Bus-Stops.csv for Tube & DLR


#1

Is there a up to date CSV station list for the Tube & DLR, I’m aware of the StopPoints api endpoint but I’d prefer a csv version.

Thanks


#2

I concur, a fully valid, up to date geocoded layer of Tube/DLR/Overground/NR stops in the same style as bus_stops.csv and bus-sequences.csv would be very convenient. Personally I am working on static analyses mainly, so I don’t need a dynamic dataset; furthermore querying an API thousands of times in order to construct a whole network is not really ideal.


#3

I think you may both be interested in Stops.csv from data.gov.uk

Go to https://data.gov.uk/dataset/naptan
Click on "Download CSV (30.0 MB)"
Open zip file that arrives
Copy Stops.csv to your computer
… and open.


#4

Thank you for referring to that data, while naptan may be a good up to date stop dataset, it doesn’t allow you to construct a network from the data, as there are no sequence files or route files.

As far as I am aware this data just doesn’t exist in static format, especially for London Tube/DLR/Overground/NR stops.

I may have hijacked the topic a bit, but fundamentally, having sequence data in a static format along with stop data would make network building very easy and avoid needing to construct massive API queries.


#5

@wa-ssx we build Naptan into a network in the API, so you should be able to traverse the network using Naptan and line identifiers on the REST API with no additional effort.

For examples, see https://blog.tfl.gov.uk/2015/10/19/unified-api-part-3-rot-routes-of-things/

Back to your point on wanting a full download to do static analysis - this is something we have considered in the past. After all, we’ve joined all of the disparate data sets together behind the scenes, and a REST API is not always the best if you want “everything”.

I’d be interested to know what data and in which formats would be useful for this? Would it basically be a full dump of our StopPoint API, and a full dump of Line/Route/Sequence? Would JSON be OK?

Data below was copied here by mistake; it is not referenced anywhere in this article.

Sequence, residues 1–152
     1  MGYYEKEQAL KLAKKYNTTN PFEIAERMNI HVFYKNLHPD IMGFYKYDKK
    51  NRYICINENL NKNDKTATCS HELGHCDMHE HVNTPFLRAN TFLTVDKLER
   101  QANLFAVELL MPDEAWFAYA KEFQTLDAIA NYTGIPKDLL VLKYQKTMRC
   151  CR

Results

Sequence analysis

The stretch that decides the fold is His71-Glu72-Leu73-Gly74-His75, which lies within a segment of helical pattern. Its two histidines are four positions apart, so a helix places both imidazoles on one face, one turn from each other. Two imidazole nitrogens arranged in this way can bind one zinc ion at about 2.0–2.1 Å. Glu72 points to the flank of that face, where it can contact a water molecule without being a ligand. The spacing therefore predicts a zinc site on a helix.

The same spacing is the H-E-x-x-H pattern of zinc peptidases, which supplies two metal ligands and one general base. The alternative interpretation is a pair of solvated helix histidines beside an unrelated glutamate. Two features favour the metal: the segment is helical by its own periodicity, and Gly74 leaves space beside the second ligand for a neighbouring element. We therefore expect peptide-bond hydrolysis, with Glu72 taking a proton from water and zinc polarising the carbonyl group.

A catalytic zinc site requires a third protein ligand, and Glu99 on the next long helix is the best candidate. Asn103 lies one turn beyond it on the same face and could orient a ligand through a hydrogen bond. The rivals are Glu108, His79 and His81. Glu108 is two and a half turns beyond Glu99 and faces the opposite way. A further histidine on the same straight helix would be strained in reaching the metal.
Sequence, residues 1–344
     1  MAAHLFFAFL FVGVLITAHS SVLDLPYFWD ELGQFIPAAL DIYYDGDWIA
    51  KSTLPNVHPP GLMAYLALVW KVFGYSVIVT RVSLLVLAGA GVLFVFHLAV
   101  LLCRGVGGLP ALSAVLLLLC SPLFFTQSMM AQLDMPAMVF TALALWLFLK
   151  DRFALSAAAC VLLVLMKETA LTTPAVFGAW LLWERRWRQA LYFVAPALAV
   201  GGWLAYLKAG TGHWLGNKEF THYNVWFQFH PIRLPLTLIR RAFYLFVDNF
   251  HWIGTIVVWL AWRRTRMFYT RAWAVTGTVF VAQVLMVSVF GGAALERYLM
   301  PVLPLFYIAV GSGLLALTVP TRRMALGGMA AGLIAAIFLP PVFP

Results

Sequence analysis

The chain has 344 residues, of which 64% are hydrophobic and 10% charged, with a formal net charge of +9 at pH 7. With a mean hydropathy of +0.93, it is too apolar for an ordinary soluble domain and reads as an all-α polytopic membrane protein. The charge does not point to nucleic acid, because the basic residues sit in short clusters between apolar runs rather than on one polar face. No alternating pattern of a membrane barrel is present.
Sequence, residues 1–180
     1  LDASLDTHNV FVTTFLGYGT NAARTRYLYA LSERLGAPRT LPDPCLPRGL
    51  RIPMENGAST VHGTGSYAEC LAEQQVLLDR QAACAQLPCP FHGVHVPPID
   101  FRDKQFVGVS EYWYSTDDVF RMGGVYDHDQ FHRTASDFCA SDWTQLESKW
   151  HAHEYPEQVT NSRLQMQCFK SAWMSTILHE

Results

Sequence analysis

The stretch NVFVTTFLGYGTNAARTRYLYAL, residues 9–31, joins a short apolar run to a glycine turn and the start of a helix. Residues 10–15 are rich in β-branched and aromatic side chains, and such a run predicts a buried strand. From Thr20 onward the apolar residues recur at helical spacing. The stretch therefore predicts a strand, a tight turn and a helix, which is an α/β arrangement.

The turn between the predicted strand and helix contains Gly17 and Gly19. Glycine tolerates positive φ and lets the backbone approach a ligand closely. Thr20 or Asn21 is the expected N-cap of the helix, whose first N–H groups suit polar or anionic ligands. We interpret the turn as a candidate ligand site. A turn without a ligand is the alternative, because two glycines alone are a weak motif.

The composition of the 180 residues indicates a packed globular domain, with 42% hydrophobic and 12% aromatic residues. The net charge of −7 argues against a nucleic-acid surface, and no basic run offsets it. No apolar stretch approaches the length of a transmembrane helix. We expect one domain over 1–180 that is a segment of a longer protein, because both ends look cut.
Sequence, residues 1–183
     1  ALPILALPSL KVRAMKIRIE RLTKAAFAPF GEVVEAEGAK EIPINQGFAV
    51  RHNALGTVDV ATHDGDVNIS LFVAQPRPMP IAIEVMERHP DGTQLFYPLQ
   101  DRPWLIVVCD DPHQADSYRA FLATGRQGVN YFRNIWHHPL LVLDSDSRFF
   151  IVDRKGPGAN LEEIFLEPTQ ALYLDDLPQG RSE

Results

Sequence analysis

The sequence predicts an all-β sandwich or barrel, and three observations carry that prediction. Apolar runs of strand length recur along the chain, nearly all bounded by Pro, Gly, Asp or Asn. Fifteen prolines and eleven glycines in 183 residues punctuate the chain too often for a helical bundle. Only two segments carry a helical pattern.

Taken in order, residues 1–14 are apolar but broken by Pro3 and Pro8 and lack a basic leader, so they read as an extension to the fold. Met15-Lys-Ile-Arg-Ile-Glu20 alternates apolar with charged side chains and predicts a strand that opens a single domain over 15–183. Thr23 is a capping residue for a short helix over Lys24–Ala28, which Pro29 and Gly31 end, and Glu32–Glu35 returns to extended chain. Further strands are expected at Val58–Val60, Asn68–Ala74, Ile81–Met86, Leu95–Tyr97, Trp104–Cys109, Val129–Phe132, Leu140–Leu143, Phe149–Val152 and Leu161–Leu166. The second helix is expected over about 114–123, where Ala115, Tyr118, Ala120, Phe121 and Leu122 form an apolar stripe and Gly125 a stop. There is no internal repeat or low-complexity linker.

#6

Hi Tim, thank you for the reply.

We actually have been writing a python script that sort of does what you mention, albeit very slowly, and we haven’t managed the whole city’s multi-modal network due to the sheer volume of buses.

As I mentioned previously, the bus-sequences.csv seems perfect if it was done for all other modes, a csv list of stops in order, with the easting/northing and relevant naptan/atco etc codes. This would be enough for example to write a simple script that joins them into a network with links. So if there was a correct and regularly updated bus-sequences.csv and tube-sequences.csv etc it would make it a lot easier to work on.

But JSON would also be great if it takes less time on your side to produce than a cleaned up csv.

The real pie in the sky ideal would be to be able to have the journey time between each stop in a table (at say 8:30am), so each row says the source and target stop and then the journey time 'stop 1->‘stop2’ ‘3 minutes’. Then it would be even simpler to construct a multi-modal network if you just combine it with the stop locations, which are already available. (Querying journey times between every stop is another API query we have found to be very very slow to do, especially for buses).


Do TfL plan on releasing their network in GTFS format?
#7

I see what you’re saying - kind of like a directed graph, where each node has a stop point id, and every edge has a weight that gives you the journey time. Probably multiple edges actually, for the different line/routes. As you say, you could look up the stop point’s full info given the id.

We actually build that network behind the scenes in our relational database, using the timetables, but we throw away the average journey time between nodes (or the 8:30am time, as you say) while we do so. It wouldn’t be a huge leap to retain that info on each of our RouteSection elements…

Funnily enough we’re investigating something related with regards to intermediate data formats for mapping - where again having the whole network data is useful. Directed Graphs also came up for that…

Anyway these are just ideas for now but keep the suggestions coming.